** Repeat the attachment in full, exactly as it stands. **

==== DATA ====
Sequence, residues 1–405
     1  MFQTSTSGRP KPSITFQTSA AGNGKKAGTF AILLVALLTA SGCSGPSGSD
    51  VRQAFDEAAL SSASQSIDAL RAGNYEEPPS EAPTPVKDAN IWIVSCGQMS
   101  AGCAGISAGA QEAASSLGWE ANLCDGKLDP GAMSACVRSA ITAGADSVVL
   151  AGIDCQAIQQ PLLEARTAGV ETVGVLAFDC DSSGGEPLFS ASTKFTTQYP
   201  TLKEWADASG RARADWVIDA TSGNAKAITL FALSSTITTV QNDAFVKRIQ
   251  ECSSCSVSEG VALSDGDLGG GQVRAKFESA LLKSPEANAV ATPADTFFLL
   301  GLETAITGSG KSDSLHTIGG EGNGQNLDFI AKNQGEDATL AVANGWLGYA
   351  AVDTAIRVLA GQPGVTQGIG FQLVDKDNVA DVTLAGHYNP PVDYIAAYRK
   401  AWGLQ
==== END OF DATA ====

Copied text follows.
Sequence, residues 1–405
     1  MFQTSTSGRP KPSITFQTSA AGNGKKAGTF AILLVALLTA SGCSGPSGSD
    51  VRQAFDEAAL SSASQSIDAL RAGNYEEPPS EAPTPVKDAN IWIVSCGQMS
   101  AGCAGISAGA QEAASSLGWE ANLCDGKLDP GAMSACVRSA ITAGADSVVL
   151  AGIDCQAIQQ PLLEARTAGV ETVGVLAFDC DSSGGEPLFS ASTKFTTQYP
   201  TLKEWADASG RARADWVIDA TSGNAKAITL FALSSTITTV QNDAFVKRIQ
   251  ECSSCSVSEG VALSDGDLGG GQVRAKFESA LLKSPEANAV ATPADTFFLL
   301  GLETAITGSG KSDSLHTIGG EGNGQNLDFI AKNQGEDATL AVANGWLGYA
   351  AVDTAIRVLA GQPGVTQGIG FQLVDKDNVA DVTLAGHYNP PVDYIAAYRK
   401  AWGLQ